Before losing his seat on May 4 at the local elections, Rupert Turpin was a Conservative councillor for 12 years, representing Rochester South and Horsted and serving in the cabinet until he was sacked over a row involving Chatham Docks. Below, he outlines some of the challenges the incoming Labour council faces.
What is on Vince Maple’s in-tray?
After 23 years of Conservative control in Medway there is a new team in charge.
Their leader Vince Maple has experienced the euphoria of victory since polling day but what difficulties lie ahead in the in-tray and what potholes might puncture the smooth wheels of the Labour election machine?
Moving from electioneering to the daily realities of governing with no actual executive experience on board and after decades of opposition will require a whole new set of skills – has Labour got what it takes?Medway is about to find out.
In the in-tray will be unresolved issues left behind by the Conservatives which are all too real and have been grappled with more or less successfully throughout recent decades.
Inadequate children’s services
First up is the inadequate children’s services. This has been in emergency measures twice in the last decade and is still “working towards” what might be thought of as the modest target of adequacy.
Its difficulties are what currently prevent the council from receiving a “value for money” judgment from their auditors.
Few things, if any, can be more important than the future prospects of our children. The costs are eyewatering and missteps have been frequent and costly.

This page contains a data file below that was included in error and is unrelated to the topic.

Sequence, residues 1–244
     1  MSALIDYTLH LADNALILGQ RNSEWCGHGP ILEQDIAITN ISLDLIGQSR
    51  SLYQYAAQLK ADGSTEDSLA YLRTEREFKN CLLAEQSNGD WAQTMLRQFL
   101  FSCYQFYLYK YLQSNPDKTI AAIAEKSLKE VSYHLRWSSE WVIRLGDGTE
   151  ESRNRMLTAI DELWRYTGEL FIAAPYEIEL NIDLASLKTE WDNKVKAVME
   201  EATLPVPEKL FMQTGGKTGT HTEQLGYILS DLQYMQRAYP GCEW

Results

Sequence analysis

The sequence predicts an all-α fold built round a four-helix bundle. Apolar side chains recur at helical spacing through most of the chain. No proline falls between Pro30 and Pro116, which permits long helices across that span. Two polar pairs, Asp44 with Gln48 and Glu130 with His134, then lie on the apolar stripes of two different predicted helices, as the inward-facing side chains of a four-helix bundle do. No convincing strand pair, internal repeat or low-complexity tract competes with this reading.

In recent years Medway has emphasised being a “child-friendly city” but beyond the sloganeering there are more and more flats being built at the expense of family-friendly housing.
The other perennial issue for children’s services is recruitment of skilled social workers. None of the many solutions tried by the administration has yet worked on anything other than a sticking plaster basis.
The difficulties of Medway Commerical Group, now renamed “Kyndi”, have reached headlines without conclusion.
There is a very long running police investigation into possible criminal irregularities at the council-owned company, which was initially set up to take advantage of commercial freedoms not available to council in-house services.
Will Labour be able to get to the bottom of this? Will they want to take the services back in -house?
Chatham Docks controversy
This is a controversy which first reached public consciousness in 2019 when the landowners Peel submitted plans for 3,600 flats, leaving the dock companies to go elsewhere, which the companies themselves, led by Phil Taylor at Arcelor Mittal Kent Wire, insist would mean hundreds of jobs leaving Medway for good.
This was the issue which split the Conservative party – I was sacked over it – and prevented the 2021 Local Plan Regulation 19 submission on the grounds of lack of support.
At that time, Labour fully supported the dock companies and designation of the docks as employment land, as they have been for 400 years.
Could they possibly execute the biggest U-turn in Medway’s history now they have the responsibilities themselves of getting the Local Plan through with its 27,000 homes target? If they do support the docks, where are they going to build the houses?
The HIF (Housing Infrastructure Fund)
Back in 2019 just before the general election, Medway won the £170 million HIF funding to build infrastructure.
This included road and rail infrastructure to open the peninsula to the development of more than 10,000 homes. Since then £20 million of that money has been spent with little to show for it.